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Shira Lurie is a guest author for GradHacker who recently received her MA in History from The University of Western Ontario and will begin her PhD at The University of Virginia next fall. Her research focuses on popular political dissent in the early American republic. You can find her on Twitter @shirby9 and at her blog ShirbysDreamWorld.

Most graduate students’ time, especially those in the liberal arts, is spent reading books, talking about books, or panicking about the books they have not yet read. In my first year of graduate study, I often found myself doing all three simultaneously (with heavy emphasis on the last). I came to revere the ability to read quickly as a rare superpower, akin to being able to leap tall buildings in a single bound, except doubly as useful. I tried everything to expedite my reading, including speedreading software, timers, and noise-cancelling headphones (you know, like my own fortress of solitude). These methods served only to increase my stress and frustration; they did nothing, however, to improve my reading speed. I then realized that I didn’t need to develop superhuman abilities in order to crush multiple books in a day. All I had to do was pair my normal speed with a good reading strategy to become an efficient, as opposed to fast, reader.

The following are four timesaving tips that helped me increase my reading efficiency. Adapt them, add to them, and become the superhero scholar of your department!

1. DO NOT start with the book at all! INSTEAD, read some book reviews.

Before you even pick up the book in question, read what other academics are saying about it. Use book reviews to help you summarize its argument, understand its organization, place it in its academic context, and learn what others have been most critical about. The more familiar you are with the book ahead of time, the easier it will be for you to tackle it quickly and retain its contents.

2. DO NOT begin at the beginning; do not end at the end. INSTEAD, read for argument.

Resist the temptation to start on the first page and see how far you get. Tailor your reading to what you wish to get out of the book; in most cases, this is the author’s argument. Begin by carefully reading the title, the back of the book, the table of contents, the introduction, and the conclusion - all places where the author reveals his/her argument and its structure. This step will hopefully reinforce the information you gleaned from the book reviews.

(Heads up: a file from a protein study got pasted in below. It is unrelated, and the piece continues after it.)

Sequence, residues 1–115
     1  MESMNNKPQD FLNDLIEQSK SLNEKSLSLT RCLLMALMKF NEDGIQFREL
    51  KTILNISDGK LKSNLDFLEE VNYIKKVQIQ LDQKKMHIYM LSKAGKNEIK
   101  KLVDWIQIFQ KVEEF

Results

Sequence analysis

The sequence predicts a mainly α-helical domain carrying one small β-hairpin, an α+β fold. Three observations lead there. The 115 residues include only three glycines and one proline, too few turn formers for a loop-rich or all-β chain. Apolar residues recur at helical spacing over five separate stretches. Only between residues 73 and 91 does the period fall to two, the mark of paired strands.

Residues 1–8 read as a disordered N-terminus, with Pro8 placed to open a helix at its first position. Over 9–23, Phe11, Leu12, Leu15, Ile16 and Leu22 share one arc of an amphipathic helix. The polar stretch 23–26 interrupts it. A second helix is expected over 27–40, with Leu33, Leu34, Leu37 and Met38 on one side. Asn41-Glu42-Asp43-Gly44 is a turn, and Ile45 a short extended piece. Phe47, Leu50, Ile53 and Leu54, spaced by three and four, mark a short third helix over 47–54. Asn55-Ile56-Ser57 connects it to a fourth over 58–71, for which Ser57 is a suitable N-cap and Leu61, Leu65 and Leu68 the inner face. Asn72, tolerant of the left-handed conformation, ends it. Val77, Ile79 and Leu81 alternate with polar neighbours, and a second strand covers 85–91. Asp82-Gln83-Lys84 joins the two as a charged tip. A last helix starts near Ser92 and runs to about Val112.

3. DO NOT try to read everything. INSTEAD, read the chapters that seem the most important and skim the rest!

Once you understand the author’s argument and the way it is structured, pinpoint the chapters that seem the most important and read those as in-depth as you deem necessary. If there is a groundbreaking or deeply problematic section, the book reviews will have pointed it out to you already. As for the rest of the book, skim as much of it as time will allow. A good strategy is to read the beginning and end of each chapter, and the first sentence of each paragraph in between.

4. DO NOT write down everything. INSTEAD, answer questions about the book.

It can be tempting to try and fill your notes with as much detail as possible, but this is not the most efficient use of your time. Instead, jot down answers to some useful questions like: What are the author’s main ideas and arguments? What concepts or theories does the author introduce or utilize? How is the book structured? What other major works does the author reference? What does this book do well? What critiques do you have? You may also find it helpful to jot down quotes and page numbers from any place in which the author states something of particular importance, eloquence, or controversy.

Perfecting your individual reading strategy may take some trial and error, but it will be well worth the effort. As you improve your efficiency, you will not only free up more time to read, but also to think about what you have read. As you tackle more and more books, don’t forget to keep track of those you’ve read. Soon enough you will be crushing books faster than a speeding bullet, with insights more powerful than a locomotive! (Sorry, I couldn’t resist).

Other helpful resources: Mortimer J. Adler and Charles Van Doren's How to Read a Book and Pierre Bayard's How to Talk about Books You Haven't Read.

Have any other tips for efficient reading? Let us know in the comments!

[Image by Flickr user Wonderlane used under creative commons licensing.]

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